Potomac River and Mather Gorge
Many of the other parks on this list allow swimming. The Potomac is the exception. While the river is a lovely sight, it should remain strictly for sightseeing only. If you’re an experienced canoer or kayaker, you can try the river for yourself, but it is not for beginners.
George Washington Parkway
Near the park, you’ll find George Washington Parkway, a nature-based way of exploring D.C. and the surrounding areas. Plus, the Arlington Memorial Bridge is architecture at its finest, honoring the sacrifices made by many to keep our home intact.
Glacier National Park
Yellowstone isn’t the only famous park in Montana! Wetlands, mountains, vast forests, and glaciers are all located in Glacier National Park. It is a popular spot for research, but you can always stop by strictly for fun. With prehistoric origins and fossils to match, you can witness living history right in front of you.
You can’t go to Glacier National Park without seeing a glacier. You can, but why would you skip out on it? Choose from nine different glaciers to view from pre-selected points and witness them before they melt!
The possibilities are endless with Glacier’s guided tours. Choose your method of travel: boat, horseback, hike, bus, or raft. You can also take classes designed for summer days with survival and safety in the great outdoors in mind.
Pisgah National Forest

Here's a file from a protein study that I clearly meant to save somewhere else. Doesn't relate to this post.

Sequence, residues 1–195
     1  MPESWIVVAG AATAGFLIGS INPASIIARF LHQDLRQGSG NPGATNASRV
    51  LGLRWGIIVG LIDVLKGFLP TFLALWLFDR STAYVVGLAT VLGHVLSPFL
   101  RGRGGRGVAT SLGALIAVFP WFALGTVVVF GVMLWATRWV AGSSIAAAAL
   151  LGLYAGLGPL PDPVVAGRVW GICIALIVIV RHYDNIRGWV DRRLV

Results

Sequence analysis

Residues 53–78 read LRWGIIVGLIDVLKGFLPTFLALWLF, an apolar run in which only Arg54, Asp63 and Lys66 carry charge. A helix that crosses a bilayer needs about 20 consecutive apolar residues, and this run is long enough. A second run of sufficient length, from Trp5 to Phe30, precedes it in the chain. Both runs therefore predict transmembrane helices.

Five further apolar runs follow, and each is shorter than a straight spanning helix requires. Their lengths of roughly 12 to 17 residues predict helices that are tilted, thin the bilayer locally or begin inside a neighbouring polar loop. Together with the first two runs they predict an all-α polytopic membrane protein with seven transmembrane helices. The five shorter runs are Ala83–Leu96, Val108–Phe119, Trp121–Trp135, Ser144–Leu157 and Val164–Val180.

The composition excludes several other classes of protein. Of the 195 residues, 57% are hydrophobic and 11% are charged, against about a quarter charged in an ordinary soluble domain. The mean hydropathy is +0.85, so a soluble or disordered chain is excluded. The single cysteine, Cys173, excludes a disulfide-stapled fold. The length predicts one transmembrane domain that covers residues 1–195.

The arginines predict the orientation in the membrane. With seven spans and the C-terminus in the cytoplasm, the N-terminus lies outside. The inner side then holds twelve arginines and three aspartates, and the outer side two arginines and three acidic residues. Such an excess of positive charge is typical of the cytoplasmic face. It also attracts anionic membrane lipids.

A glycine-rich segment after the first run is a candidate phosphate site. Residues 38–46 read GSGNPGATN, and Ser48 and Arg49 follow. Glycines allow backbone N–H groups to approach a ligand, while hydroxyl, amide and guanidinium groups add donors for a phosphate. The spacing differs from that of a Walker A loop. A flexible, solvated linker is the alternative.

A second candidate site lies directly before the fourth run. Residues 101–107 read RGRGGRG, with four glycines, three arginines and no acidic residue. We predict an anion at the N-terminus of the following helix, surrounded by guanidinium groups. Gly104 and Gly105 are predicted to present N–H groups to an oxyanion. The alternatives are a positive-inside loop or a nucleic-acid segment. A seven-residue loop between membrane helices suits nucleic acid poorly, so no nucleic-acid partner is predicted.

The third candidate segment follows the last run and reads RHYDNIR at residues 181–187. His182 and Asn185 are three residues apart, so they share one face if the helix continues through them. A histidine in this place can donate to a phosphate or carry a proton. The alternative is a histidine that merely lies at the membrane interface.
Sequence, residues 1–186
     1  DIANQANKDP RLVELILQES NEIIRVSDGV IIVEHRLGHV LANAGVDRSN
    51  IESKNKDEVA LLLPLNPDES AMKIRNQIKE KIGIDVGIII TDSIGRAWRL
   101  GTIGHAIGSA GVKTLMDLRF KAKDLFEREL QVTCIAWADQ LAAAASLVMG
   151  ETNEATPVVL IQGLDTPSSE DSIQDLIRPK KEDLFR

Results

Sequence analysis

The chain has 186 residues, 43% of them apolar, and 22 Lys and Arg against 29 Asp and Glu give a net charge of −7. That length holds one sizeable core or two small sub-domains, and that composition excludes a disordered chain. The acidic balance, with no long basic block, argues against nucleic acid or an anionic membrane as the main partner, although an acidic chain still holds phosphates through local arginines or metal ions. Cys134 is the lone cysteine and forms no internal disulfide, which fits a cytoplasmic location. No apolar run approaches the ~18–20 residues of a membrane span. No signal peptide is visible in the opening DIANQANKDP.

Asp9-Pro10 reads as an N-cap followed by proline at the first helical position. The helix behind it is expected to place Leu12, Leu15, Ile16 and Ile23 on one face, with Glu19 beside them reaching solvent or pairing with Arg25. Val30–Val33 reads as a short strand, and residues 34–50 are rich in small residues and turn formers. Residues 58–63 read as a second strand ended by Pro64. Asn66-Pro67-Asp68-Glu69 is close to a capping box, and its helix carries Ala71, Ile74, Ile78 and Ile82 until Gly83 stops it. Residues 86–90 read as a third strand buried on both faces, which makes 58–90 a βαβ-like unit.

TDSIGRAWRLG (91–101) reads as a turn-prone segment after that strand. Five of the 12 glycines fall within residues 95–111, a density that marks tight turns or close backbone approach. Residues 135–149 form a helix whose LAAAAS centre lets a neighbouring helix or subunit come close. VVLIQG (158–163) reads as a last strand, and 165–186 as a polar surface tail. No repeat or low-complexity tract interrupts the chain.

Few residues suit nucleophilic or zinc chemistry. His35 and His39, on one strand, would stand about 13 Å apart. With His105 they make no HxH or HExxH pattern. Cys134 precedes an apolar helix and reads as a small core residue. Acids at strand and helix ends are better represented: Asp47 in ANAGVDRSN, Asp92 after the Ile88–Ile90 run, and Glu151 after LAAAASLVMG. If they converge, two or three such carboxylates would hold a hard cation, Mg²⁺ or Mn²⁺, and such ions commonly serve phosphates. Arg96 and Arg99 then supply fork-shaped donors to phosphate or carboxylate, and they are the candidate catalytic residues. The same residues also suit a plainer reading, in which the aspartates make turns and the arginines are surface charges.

There are plenty of shady spots in this vast 500,000-acre forest located in North Carolina. But more importantly, the Appalachian Mountain setting is home to stunning waterfalls and beautiful trails. But just because the waterfalls are beautiful and you have an eye for adventure doesn’t mean you shouldn’t be careful. Be mindful of your safety around the park’s waterfalls. Don’t forget to visit key parts of the park, and you’ll have a good time.
Appalachian Ranger District
The Appalachian Ranger District of Pisgah hosts plenty of wildlife and other scenic views. Take the Black Mountains, named for the coloring provided by the abundant fir and red spruce trees. Head down to the South Toe River for fishing, swimming, boating, and other water fun. Don’t forget to enjoy some interpretive trails and learn from Pisgah’s rangers at the Pisgah Ranger Station. While you’re there, get cool and enjoy some of the Visitor’s Center’s informational materials (but double-check to make sure it is open first).
Rocky Bluff Campground
If you want to go camping, reserve a spot at the Rocky Bluff Campground near Hot Springs. Observe trout in the streams and walk around the short nature trail. Snag your spot before it closes after Labor Day.
While these five parks aren’t the only option for your August adventures, they’re still fantastic choices. For high-quality choices in survival wear and other gear, Kitanica has what you need to enjoy a last-second summer outing to one or more of America’s national parks.
Wilderness Information and Permits | Zion National Park (US National Park Service)
Acadia National Park | (US National Park Service)
Schoodic Peninsula | Acadia National Park (US National Park Service)
George Washington Memorial Parkway (US National Park Service)
How to See a Glacier | Glacier National Park (US National Park Service)
Guided Tours | Glacier National Park (US National Park Service)
Appalachian Ranger District | Forest Service